Emergency Preparedness for Learning and Development

Friday, August 21, 2020

When the COVID-19 pandemic hit New York, the health system where I work swiftly moved into emergency management mode. I followed suit with an emergency preparedness plan for learning and development, striving to best support my research colleagues who were (and still are) working night and day on clinical trials in hopes of halting the pandemic. These steps were the least I could do as I watched my colleagues in the clinical and research front lines making daily sacrifices and trying to save lives. As the days unfolded, I found myself working through specific steps for emergency learning and development.

Understand the Situation and Assumptions

Be Involved in the Conversations. From the onset of the COVID-19 pandemic, I had weekly calls with key stakeholders so I could best support the learning needs of our research employees. It’s important to proactively get involved and actively listen during times of crisis. Constant communication with my subject matter experts and leadership helped me stay informed and allowed me to understand the situation and assumptions of what to expect depending on how situations unfolded. This in turn allowed me to quickly assess and adjust emergency plans to communicate, educate, and train the workforce.

Conduct Rapid Learning Needs and Risk Assessments. You won’t have the luxury of time during a crisis to gather data like you typically would. Staying informed allowed me to conduct rapid assessments to determine what learning objectives to meet, prioritize delivery timelines, decide which employees to target, and choose the best educational format based on need and risk.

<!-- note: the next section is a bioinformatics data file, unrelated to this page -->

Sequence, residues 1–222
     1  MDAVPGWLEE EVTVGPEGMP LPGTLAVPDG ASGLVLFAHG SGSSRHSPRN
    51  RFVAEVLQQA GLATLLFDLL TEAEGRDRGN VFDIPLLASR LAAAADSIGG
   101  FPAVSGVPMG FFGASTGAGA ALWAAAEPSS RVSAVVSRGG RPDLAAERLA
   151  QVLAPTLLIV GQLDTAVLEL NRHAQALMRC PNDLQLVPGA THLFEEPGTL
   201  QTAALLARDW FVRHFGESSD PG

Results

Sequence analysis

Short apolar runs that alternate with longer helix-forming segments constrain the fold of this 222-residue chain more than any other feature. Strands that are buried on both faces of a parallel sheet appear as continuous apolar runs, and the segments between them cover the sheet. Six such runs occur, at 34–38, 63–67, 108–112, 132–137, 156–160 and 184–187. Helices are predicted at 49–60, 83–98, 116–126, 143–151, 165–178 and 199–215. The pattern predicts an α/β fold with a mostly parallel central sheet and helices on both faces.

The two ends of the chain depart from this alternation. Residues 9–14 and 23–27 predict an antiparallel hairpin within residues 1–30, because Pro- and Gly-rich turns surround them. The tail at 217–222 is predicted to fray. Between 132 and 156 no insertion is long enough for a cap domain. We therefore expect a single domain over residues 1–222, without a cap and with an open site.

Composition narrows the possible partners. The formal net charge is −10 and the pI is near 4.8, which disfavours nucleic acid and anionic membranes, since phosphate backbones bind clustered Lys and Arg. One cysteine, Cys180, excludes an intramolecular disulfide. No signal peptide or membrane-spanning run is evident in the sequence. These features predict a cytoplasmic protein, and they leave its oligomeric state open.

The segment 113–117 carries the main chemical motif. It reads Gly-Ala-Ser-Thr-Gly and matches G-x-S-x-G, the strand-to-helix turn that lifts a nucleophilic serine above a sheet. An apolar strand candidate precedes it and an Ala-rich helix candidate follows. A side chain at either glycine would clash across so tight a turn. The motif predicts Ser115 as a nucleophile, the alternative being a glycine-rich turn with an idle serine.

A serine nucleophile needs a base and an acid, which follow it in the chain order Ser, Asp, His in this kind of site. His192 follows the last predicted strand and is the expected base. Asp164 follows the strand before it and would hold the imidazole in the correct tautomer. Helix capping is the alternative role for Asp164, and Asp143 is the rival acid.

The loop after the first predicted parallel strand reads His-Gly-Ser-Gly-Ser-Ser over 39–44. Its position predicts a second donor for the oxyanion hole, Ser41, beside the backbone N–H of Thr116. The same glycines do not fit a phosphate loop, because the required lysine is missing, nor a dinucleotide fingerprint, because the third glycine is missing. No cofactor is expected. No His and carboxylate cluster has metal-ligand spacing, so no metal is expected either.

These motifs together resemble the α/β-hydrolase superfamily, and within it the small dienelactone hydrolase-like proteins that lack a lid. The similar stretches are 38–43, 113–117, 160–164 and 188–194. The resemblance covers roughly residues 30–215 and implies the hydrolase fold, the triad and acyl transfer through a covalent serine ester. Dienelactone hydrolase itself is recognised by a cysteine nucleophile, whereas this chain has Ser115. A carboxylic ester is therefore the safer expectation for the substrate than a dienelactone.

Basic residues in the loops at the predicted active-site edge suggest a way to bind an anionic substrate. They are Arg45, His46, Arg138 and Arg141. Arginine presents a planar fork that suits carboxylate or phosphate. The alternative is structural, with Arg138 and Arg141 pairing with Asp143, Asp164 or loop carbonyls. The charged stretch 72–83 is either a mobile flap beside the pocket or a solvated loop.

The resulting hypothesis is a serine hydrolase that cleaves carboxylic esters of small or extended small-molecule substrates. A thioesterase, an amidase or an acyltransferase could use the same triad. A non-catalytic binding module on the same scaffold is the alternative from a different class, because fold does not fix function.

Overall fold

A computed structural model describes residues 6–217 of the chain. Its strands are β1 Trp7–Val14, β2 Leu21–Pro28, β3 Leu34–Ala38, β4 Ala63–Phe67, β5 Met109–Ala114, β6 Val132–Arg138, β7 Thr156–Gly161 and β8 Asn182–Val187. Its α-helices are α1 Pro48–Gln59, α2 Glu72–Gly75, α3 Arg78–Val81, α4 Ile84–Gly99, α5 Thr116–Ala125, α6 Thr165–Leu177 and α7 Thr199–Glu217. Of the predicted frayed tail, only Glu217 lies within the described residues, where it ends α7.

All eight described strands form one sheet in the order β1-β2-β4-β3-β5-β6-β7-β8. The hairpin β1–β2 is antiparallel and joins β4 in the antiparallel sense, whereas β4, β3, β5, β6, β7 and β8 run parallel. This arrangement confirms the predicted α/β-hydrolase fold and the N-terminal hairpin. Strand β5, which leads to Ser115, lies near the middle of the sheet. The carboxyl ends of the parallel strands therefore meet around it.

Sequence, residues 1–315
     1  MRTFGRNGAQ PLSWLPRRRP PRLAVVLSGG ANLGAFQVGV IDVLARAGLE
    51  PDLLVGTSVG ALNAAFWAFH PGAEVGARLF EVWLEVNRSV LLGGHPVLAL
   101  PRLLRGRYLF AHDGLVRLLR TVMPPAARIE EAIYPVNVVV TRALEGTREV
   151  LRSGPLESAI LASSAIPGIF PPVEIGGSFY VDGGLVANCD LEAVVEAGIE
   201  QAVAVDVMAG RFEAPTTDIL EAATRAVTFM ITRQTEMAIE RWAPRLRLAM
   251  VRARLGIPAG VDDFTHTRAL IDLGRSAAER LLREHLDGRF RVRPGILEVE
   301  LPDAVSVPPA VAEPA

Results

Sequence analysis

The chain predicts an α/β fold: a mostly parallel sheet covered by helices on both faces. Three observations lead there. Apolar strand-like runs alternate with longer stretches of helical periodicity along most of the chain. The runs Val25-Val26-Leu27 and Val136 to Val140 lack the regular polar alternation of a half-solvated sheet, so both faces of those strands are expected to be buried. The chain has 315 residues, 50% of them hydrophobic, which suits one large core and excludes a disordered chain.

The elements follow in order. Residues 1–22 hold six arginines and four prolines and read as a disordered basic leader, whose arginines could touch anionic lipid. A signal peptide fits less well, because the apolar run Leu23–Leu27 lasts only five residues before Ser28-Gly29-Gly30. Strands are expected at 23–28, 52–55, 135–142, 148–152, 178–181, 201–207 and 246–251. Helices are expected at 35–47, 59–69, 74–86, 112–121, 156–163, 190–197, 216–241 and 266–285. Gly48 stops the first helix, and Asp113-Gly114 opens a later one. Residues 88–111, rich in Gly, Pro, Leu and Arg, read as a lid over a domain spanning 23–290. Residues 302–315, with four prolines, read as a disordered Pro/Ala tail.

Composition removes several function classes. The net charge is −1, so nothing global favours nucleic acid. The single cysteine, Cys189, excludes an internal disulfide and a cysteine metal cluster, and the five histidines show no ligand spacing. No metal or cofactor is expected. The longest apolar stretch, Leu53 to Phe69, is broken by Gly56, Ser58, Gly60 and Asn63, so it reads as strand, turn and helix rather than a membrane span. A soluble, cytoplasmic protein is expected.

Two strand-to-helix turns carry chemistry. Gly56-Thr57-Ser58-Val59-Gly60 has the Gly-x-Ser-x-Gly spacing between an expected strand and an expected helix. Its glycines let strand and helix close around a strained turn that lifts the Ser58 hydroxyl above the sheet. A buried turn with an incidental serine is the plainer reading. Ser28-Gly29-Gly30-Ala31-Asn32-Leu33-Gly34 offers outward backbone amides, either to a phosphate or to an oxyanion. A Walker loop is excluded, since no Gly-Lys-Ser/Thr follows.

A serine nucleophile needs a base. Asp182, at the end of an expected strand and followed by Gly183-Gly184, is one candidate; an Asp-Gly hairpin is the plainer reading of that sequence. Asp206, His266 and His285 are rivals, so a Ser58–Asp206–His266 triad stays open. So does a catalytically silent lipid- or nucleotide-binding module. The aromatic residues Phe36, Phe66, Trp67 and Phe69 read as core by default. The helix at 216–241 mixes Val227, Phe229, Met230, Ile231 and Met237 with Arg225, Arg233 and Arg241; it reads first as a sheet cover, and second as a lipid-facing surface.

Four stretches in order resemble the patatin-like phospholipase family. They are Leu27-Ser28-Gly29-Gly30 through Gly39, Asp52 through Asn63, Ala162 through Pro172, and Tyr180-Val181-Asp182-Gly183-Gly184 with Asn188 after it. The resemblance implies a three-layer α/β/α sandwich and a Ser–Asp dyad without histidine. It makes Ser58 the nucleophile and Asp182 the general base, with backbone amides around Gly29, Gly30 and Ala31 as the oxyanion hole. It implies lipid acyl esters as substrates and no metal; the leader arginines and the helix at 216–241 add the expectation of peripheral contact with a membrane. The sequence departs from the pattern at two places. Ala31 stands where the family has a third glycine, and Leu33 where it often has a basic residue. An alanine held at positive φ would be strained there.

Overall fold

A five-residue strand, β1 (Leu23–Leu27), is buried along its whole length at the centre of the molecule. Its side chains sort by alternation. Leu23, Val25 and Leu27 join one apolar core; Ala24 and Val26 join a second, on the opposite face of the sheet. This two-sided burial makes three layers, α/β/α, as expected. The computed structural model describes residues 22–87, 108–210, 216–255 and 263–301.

Map Your Learning Landscape. Now is the time to know the learning landscape of your organization. Maybe there are existing tools, resources, and personnel you can use during this time. Some important items to inventory include existing courses (in-person and online); workforce tools such as websites, decision trees and guidance documents; orientation programs; learning technologies; and learning and development personnel.


Incident Management

Triage Learning and Development. Once you’ve grasped your learning landscape and have assessed learning needs and risks, consider what learning activities to develop and implement and what to put on hold. During the early months of the pandemic, I focused on working with subject matter experts on courses, guidance, and tools about new processes; policies and regulations for COVID-19 clinical trials; and frontline research colleagues could easily access through our intranet.

Adapt Realistic Solutions and Set Goals. It’s important to be realistic on what can actually be done during times when there are drastic competing needs and constraints (financial, staffing, time, and so forth). Develop and implement learning in the format that will be usable for your target audience. My organization had a dedicated COVID-19 page on our intranet where employees could access on-demand online courses via our LMS, policies, and on-the-job tools like videos, FAQs, algorithms, process guides, and templates. With limited time, resources, and people, these were quick solutions that could be easily revised as the situation unfolded.